Liu replies: While many ingenious ideas have been advanced to explain the strange-metal phase, the community has not reached a consensus, and many of the phase’s properties remain mysterious. Philip W. Anderson’s hidden Fermi liquid theory, arguably a most ambitious attempt, has provided a useful lens to view various aspects of the phase, but further developments are worthwhile.

As described in my Quick Study, a key obstacle in the pursuit to explain the strange metal phase is the lack of a suitable mathematical framework to characterize “quantum soups”—strongly interacting, dense quantum matter whose constituents have lost their individuality. Holographic duality has now provided such a framework, although only for the class of systems that have gravity duals. It does for those quantum soups what Boltzmann equations do for a dilute gas of quasiparticles: It enables one to calculate reliably all equilibrium and nonequilibrium properties.

At short distances, holographic systems are conformal, Lorentz invariant, and often supersymmetric, all of which make them seem poor models for real-life condensed-matter systems. Those symmetries, however, are all destroyed at long distances if a temperature or a chemical potential is turned on. The surprise of the past few years is that despite significant differences in short-distance details, at long distances most states of matter that have been understood—superfluids, Fermi liquids, magnets, stripes, and so on—can be described in terms of dual gravity systems. Such insensitivity to microscopic detail gives hope that the striking parallels in macroscopic behavior found between black holes and strange metals are not accidents, and gravity may help us decipher the mysteries of strange metals.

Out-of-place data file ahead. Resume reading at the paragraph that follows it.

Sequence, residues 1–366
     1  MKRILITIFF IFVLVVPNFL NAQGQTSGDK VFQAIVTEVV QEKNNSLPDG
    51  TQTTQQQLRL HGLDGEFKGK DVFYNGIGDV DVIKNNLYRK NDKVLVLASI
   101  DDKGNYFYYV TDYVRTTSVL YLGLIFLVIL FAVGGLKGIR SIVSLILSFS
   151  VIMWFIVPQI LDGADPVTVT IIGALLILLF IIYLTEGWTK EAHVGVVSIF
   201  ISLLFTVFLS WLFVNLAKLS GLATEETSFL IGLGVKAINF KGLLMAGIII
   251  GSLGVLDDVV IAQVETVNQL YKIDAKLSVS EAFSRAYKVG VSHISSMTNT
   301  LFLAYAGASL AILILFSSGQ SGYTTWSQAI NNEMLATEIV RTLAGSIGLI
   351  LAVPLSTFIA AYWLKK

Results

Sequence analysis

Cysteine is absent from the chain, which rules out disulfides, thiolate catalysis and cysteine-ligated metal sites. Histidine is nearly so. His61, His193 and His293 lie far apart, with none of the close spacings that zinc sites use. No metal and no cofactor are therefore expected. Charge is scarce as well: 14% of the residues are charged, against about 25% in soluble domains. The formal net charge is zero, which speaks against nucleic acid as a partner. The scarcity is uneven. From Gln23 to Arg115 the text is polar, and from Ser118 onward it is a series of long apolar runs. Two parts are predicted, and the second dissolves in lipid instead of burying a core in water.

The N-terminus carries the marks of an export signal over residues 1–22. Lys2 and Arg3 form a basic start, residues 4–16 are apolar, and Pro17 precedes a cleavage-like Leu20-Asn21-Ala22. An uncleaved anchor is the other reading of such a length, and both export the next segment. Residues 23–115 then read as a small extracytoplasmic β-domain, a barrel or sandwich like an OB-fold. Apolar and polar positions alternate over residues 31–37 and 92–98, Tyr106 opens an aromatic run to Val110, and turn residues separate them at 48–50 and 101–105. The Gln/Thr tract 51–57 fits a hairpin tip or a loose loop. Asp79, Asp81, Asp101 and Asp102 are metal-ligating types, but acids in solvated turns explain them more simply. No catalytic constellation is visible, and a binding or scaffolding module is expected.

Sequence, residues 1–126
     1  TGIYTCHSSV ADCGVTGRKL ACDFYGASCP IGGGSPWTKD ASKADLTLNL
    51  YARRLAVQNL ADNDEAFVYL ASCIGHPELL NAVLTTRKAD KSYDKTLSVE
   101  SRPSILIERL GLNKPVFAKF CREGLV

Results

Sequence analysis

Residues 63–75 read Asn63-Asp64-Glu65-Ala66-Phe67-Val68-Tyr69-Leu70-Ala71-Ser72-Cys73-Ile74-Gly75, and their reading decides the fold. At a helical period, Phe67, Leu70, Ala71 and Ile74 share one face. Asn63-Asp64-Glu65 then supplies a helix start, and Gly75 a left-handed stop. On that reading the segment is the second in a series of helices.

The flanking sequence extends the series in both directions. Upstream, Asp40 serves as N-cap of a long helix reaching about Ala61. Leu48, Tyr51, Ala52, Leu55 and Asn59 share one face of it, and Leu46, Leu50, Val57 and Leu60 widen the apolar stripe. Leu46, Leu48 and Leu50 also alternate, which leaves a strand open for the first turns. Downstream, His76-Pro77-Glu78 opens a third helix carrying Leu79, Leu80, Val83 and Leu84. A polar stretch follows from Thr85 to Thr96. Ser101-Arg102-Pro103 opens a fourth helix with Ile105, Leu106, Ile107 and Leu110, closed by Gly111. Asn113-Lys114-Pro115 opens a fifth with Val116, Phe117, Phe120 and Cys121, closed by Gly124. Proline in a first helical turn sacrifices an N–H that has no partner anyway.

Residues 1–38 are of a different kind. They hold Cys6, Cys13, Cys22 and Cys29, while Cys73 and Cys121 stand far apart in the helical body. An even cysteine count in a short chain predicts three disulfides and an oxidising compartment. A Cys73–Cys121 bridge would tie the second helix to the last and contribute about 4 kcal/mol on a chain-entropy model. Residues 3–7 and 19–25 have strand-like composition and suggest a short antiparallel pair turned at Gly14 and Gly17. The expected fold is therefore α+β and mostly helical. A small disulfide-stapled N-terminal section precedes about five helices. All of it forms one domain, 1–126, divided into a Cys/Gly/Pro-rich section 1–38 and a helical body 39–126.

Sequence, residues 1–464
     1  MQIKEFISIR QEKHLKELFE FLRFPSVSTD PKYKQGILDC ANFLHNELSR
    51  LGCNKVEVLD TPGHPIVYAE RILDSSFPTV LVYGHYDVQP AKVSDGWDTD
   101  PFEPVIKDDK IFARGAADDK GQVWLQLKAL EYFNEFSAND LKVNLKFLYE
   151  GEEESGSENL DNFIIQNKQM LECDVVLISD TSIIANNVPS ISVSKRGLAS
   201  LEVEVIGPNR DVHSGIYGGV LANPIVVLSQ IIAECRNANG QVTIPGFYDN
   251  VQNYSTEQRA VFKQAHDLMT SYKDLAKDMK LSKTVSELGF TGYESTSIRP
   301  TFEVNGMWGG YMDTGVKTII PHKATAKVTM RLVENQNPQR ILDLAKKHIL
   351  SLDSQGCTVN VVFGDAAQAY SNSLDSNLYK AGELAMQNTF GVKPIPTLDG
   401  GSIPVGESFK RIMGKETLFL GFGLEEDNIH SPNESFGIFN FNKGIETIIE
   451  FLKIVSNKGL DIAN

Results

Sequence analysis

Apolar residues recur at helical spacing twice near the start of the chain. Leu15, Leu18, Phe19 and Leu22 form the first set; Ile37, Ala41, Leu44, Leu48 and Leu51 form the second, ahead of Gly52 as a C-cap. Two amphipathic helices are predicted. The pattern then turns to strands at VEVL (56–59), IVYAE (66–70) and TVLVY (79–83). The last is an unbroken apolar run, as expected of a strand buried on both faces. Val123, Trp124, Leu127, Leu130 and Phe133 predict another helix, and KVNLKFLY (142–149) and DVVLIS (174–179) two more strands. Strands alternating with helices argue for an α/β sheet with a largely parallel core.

I thank Anderson for emphasizing other anomalies exhibited by the strange-metal phase of cuprates that I did not have space to mention. He is correct that the holographic approach has not yet produced a model that could account for all anomalous properties. However, the power-law dependence of photoemission spectra on energy, his last bullet point, is a hallmark of holographic strange metals. I discussed that point in the last part of the Quick Study, in terms of the power-law temperature dependence of scattering rates. Such power laws follow from the semilocal property emphasized in the second-to-last paragraph.

Whether or not one finds a “conventional” explanation for strange metals, connections between the physics of strange metals and black holes are worth exploring. They hint at a new paradigm for thinking about strongly correlated quantum soups. As an added bonus, we may also obtain new insights into quantum gravity from advances in condensed-matter physics.